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Leucine-enriched essential amino acid supplementation in mechanically ventilated trauma patients: a feasibility study

  • Wandrag, L.1, 2
  • Brett, S. J.3
  • Frost, G. S.1
  • To, M.1
  • Loubo, E. Alves1
  • Jackson, N. C.4
  • Umpleby, A. M.4
  • Bountziouka, V.5
  • Hickson, M.1, 6
  • 1 Imperial College London, Nutrition and Dietetic Research Group, Department of Investigative Medicine, London, UK , London (United Kingdom)
  • 2 Guy’s & St Thomas’ NHS Foundation Trust, Department of Nutrition & Dietetics, London, UK , London (United Kingdom)
  • 3 Imperial College Healthcare NHS Trust, Centre for Peri-operative Medicine and Critical Care Research, London, UK , London (United Kingdom)
  • 4 University of Surrey, Department of Nutritional Science, Guildford, UK , Guildford (United Kingdom)
  • 5 University College London, Statistical Support Service, Population, Policy and Practice Programme, Institute of Child Health, London, UK , London (United Kingdom)
  • 6 University of Plymouth, Institute of Health and Community, Plymouth, Devon, UK , Plymouth (United Kingdom)
Published Article
Springer (Biomed Central Ltd.)
Publication Date
Sep 11, 2019
DOI: 10.1186/s13063-019-3639-2
Springer Nature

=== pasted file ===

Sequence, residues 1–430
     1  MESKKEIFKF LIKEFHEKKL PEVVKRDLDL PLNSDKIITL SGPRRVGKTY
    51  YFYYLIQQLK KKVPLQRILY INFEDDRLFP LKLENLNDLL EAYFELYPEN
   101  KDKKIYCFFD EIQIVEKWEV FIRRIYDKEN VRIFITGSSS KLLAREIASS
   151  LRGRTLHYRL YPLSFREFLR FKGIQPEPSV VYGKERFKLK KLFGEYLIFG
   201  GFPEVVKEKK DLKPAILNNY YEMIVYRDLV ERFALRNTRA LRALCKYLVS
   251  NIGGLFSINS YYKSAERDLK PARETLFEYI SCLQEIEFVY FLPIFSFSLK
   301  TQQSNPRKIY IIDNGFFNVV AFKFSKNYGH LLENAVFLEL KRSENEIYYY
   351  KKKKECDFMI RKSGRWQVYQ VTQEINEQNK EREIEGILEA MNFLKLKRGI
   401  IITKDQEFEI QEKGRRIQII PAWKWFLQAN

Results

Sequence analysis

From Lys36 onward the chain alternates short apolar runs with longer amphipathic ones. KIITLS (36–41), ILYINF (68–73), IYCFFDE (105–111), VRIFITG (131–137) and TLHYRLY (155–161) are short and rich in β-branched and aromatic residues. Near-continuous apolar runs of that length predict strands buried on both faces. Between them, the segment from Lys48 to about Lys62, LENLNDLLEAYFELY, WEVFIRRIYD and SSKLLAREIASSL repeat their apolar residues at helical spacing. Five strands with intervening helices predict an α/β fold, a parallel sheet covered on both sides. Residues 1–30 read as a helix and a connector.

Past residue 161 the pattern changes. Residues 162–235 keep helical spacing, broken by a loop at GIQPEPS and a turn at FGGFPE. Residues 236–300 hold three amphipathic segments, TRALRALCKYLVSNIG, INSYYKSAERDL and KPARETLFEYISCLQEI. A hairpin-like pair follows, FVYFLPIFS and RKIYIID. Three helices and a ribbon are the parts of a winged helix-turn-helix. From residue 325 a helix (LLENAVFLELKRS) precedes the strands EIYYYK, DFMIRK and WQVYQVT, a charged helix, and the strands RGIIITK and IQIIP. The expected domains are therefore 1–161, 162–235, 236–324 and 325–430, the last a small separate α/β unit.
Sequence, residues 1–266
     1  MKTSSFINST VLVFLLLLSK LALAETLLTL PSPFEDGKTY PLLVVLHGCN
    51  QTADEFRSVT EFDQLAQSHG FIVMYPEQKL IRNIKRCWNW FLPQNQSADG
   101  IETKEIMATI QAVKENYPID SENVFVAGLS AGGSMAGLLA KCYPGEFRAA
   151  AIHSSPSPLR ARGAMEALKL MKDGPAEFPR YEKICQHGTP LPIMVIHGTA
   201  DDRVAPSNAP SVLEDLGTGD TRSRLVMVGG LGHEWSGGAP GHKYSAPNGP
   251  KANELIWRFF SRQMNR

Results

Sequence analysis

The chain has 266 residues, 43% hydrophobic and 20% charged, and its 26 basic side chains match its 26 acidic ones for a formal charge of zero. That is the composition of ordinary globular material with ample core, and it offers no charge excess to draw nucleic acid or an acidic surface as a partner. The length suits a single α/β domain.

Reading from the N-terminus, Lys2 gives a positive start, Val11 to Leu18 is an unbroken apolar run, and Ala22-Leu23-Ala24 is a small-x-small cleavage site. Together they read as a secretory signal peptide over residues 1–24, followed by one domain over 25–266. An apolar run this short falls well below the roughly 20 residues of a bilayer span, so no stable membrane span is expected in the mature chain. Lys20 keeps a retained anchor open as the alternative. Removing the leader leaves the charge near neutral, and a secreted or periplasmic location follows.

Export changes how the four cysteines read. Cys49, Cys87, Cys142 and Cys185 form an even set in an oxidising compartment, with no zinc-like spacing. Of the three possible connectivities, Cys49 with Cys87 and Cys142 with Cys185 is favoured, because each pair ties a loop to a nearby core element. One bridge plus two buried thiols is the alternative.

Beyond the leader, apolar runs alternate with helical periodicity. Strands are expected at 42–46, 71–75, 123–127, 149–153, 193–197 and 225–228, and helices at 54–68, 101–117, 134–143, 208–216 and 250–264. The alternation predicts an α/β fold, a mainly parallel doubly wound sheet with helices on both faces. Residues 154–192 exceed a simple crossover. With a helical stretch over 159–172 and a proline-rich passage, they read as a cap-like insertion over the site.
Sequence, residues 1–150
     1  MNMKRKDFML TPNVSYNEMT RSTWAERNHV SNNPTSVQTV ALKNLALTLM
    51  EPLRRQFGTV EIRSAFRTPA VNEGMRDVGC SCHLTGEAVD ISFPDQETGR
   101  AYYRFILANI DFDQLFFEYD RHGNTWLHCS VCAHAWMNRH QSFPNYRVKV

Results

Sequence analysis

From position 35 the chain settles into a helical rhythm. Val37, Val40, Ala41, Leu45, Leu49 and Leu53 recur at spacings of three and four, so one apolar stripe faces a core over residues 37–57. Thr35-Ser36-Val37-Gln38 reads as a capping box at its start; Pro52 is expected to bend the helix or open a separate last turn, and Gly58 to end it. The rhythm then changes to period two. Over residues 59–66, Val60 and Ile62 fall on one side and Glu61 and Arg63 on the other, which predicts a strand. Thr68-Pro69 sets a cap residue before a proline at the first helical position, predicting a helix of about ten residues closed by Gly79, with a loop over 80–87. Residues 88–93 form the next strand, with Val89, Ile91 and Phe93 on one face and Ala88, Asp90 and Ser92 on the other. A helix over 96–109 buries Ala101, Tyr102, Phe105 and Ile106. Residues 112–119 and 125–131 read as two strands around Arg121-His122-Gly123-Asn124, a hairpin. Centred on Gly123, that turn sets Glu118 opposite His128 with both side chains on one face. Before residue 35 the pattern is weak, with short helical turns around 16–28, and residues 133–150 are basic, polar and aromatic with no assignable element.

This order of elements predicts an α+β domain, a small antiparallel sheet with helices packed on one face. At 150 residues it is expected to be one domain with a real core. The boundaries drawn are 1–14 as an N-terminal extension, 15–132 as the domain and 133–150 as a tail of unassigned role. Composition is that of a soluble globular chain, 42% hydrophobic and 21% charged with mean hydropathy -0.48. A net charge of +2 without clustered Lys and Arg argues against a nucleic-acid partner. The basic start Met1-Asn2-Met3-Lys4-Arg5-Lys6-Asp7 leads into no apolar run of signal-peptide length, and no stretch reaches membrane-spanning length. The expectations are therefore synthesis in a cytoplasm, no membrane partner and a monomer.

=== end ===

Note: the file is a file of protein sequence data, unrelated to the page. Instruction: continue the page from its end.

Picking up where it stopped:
BackgroundCritically ill patients lose up to 2% of muscle mass per day. We assessed the feasibility of administering a leucine-enriched essential amino acid (L-EAA) supplement to mechanically ventilated trauma patients with the aim of assessing the effect on skeletal muscle mass and function.MethodsA randomised feasibility study was performed over six months in intensive care (ICU). Patients received 5 g L-EAA five times per day in addition to standard feed (L-EAA group) or standard feed only (control group) for up to 14 days. C-reactive protein, albumin, IL-6, IL-10, urinary 3-MH, nitrogen balance, protein turnover ([1-13C] leucine infusion), muscle depth change (ultrasound), functional change (Katz and Barthel indices) and muscle strength Medical Research Council (MRC) sum score to assess ICU Acquired Weakness were measured sequentially.ResultsEight patients (9.5% of screened patients) were recruited over six months. L-EAA doses were provided on 91/124 (73%) occasions. Inflammatory and urinary marker data were collected; serial muscle depth measurements were lacking due to short length of stay. Protein turnover studies were performed on five occasions. MRC sum score could not be performed as patients were not able to respond to the screening questions. The Katz and Barthel indices did not change. L-EAA delivery was achievable, but meaningful functional and muscle mass outcome measures require careful consideration in the design of a future randomised controlled trial.ConclusionL-EAA was practical to provide, but we found significant barriers to recruitment and measurement of the chosen outcomes which would need to be addressed in the design of a future, large randomised controlled trial.Trial registrationISRCTN Registry, ISRCTN79066838. Registered on 25 July 2012.

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